For most people, this is not the case. Many of us work in offices, in professional careers, wait tables, tutor children.  In these situations, what would be the value of disclosing that you have BPD?  More than once I disclosed to an employer that I was mentally ill (before I knew my BPD diagnosis -- I already had the aresenal of  PTSD, OCD, and Generalized Anxiety Disorder to disclose), and in my own personal experience, in every case, I regretted it.

In nearly every instance, I ended up revealing my mental health issues in a moment of panic and insecurity, and I believe it setup situations where I was judged or treated differently due to my disclosure.  I realize that this is not the case for everyone.  I've also spoken with a number of people who have said that sharing with their boss or co-workers that they have mental illness has created a closer bond and fostered a sense of truly being cared about in the workplace.  So, just like disclosing your diagnosis in personal relationships, the choice of whether to disclose in the workplace is also highly individual and personal.  There is much to consider, and only you can make the choice as to what is right for you in the long run.


How have you handled this in the past?  How might you handle disclosure of your mental health issues in the future?


Here are some books I've found helpful with this issue:

Boundaries: Where You End and I Begin: How to Recognize and Set Healthy Boundaries

Mindfulness for Borderline Personality Disorder: Relieve Your Suffering Using the Core Skill of Dialectical Behavior Therapy


DBT Studies that can be helpful:

Online DBT Emotion Regulation Course
Online DBT Distress Tolerance Course


Thank you for reading.
More soon.


In kindness,
Debbie

7 Signs That You Might Be An Emotionally Sensitive Person


 You might be an emotionally sensitive person if...
  1. You cry at Cheerios commercials
  2. You sometimes literally seem to feel what others feel
  3. You have an especially hard time coping with criticism.
  4. You've been diagnosed with Borderline Personality Disorder or Bipolar Disorder.
  5. You have a hard time sorting out and identifying what you're actually feeling.
  6. You feel emotionally triggered when you hear or witness stories about things that happen to vulnerable people or animals.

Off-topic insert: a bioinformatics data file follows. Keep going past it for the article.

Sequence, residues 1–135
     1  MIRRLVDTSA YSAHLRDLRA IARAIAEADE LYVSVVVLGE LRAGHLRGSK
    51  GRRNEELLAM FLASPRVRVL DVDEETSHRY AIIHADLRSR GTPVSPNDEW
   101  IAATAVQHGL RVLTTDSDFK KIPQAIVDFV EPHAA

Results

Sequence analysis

7. You often experience mood swings or unstable emotions/emotion dysregulation.
For over a decade, I suffered with the symptoms of Borderline Personality Disorder.  I was often misdiagnosed as being Bipolar Rapid Cycling as well as other diagnoses connected with emotional instability.

When I finally received the correct diagnosis of BPD, I was referred to Dialectical Behavior Therapy (DBT), which ultimately helped me to finally get my life on track.

Being an emotionally sensitive person is not a "bad" thing. And, although I no longer meet the criteria for a BPD diagnosis, I do meet some of the criteria and need to practice DBT Skills to help me feel well -- essentially, these skills help me to cope more effectively when I'm feeling dysregulated emotionally.

For example, I implement Emotion Regulation skills, such as:

  • Observing and Describing What I'm Feeling:
    Discerning WHAT I am feeling so I can identify and describe the emotion that needs attention.  This is something I did not know how to do before DBT. I would become completely overwhelmed with how I was feeling and would often feel that I was experiencing dozens of emotions at ones. Emotion Regulation skills have helped me to learn how to better discern how I am feeling. Being mindful of what we are feeling in any given moment is the first step to coping with not feeling well emotionally.
  • Opposite to Emotion Action:
    There are things we can do to shift from one emotion to another when our current emotion is not serving us in a productive way.
  • Letting go of Painful Emotions: Many emotionally sensitive people feel that they must "punish" themselves by extending their experience of painful emotions. The reasons behind this are complicated, of course, but we can learn how to have more compassion for our ourselves and, in the process, reduce our suffering by letting go of painful emotions that no longer serve us.

  • Riding the Wave of Emotions:One of the most helpful skills I've learned is to ride the emotional waves -- another way of acknowledging that "this too shall pass." No feeling, mood, or state of mind is permanent. It is all transient. Even if you feel miserable at 8 am, this doesn't mean you'll still feel this way at 4 pm (or even an hour later, really).  Learning to ride the wave allows us to wait until the intensity has passed rather than reacting and acting impulsively and in sabotaging ways. 


If you want to learn more about Emotion Regulation skills, check out this online, worldwide DBT class that I am co-facilitating with a licensed therapist at DBT Path, where we'll dig deeply into these concepts and more:

Emotion Regulation Online DBT Class 

It gets better!

More Soon.

In kindness,
Debbie 
 

Obsessive Love and BPD - When It's Difficult To Let Go And Move On



What causes someone who has Borderline Personality Disorder or BPD traits to fall into (or back into) what some describe as "obsessive love," especially when it comes to having difficulty letting go of a past lover?

I asked myself this very same question.  Although I am in recovery from BPD, meaning I no longer meet the criteria for the diagnosis, I do still meet some of the criteria/symptoms.  I wanted to understand how I could still get so stuck on a relationship from the past, seemingly unable (or unwilling) to let the person and relationship go from my heart and mind, even though the other person (through his silence and lack of response), was making it painfully obvious that he was not interested in reconnecting with me.